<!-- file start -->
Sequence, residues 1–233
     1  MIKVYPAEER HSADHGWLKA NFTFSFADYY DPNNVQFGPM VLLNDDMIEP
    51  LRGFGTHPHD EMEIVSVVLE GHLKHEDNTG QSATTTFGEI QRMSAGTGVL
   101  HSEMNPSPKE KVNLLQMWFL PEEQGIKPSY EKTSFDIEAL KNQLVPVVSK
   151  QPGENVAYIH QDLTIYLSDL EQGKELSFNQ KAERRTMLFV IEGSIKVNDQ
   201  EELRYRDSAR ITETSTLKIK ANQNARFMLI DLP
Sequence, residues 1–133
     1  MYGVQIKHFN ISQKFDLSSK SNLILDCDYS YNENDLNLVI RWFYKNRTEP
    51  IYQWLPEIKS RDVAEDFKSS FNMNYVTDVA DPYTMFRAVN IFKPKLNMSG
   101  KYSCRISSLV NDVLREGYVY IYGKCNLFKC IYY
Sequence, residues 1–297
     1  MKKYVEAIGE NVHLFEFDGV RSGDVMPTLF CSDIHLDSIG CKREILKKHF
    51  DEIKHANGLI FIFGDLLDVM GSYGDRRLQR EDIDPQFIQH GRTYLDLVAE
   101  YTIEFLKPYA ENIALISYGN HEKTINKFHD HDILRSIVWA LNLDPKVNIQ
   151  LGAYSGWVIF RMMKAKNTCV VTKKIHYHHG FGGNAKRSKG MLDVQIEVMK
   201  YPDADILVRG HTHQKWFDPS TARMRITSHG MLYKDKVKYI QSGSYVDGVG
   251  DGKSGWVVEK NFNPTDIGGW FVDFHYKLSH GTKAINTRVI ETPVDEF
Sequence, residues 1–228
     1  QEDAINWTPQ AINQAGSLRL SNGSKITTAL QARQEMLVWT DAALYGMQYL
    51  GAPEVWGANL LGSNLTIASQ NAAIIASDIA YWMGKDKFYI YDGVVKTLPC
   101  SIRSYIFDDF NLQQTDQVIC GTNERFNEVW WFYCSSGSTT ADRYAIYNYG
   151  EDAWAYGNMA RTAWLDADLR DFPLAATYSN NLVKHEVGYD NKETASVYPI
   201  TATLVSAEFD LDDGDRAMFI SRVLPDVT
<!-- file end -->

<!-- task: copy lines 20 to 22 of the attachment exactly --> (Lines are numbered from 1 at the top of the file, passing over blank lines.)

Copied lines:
    51  GAPEVWGANL LGSNLTIASQ NAAIIASDIA YWMGKDKFYI YDGVVKTLPC
   101  SIRSYIFDDF NLQQTDQVIC GTNERFNEVW WFYCSSGSTT ADRYAIYNYG
   151  EDAWAYGNMA RTAWLDADLR DFPLAATYSN NLVKHEVGYD NKETASVYPI